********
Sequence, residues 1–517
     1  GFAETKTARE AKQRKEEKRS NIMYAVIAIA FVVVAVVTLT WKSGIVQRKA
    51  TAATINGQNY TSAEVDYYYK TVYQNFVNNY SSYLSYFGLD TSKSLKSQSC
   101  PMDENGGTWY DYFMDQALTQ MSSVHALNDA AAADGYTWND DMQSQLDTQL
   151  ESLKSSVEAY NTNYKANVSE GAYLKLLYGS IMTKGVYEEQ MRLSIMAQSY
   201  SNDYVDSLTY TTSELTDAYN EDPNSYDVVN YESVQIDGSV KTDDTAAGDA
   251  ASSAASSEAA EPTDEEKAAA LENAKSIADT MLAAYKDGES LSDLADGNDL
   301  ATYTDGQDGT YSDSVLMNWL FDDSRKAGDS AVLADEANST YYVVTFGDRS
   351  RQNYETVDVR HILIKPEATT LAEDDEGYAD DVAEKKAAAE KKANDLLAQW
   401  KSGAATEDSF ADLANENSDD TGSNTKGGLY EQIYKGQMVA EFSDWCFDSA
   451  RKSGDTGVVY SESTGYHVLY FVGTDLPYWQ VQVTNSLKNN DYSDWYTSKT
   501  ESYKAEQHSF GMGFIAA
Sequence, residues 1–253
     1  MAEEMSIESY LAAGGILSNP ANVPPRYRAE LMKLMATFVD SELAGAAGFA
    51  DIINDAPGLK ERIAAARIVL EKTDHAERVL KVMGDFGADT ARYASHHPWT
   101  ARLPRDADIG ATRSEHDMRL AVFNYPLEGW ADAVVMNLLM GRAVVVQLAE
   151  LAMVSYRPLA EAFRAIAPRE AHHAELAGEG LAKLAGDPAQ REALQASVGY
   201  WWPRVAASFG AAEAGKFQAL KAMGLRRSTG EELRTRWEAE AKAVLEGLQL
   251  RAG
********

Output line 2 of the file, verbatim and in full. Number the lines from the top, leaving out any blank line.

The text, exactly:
     1  GFAETKTARE AKQRKEEKRS NIMYAVIAIA FVVVAVVTLT WKSGIVQRKA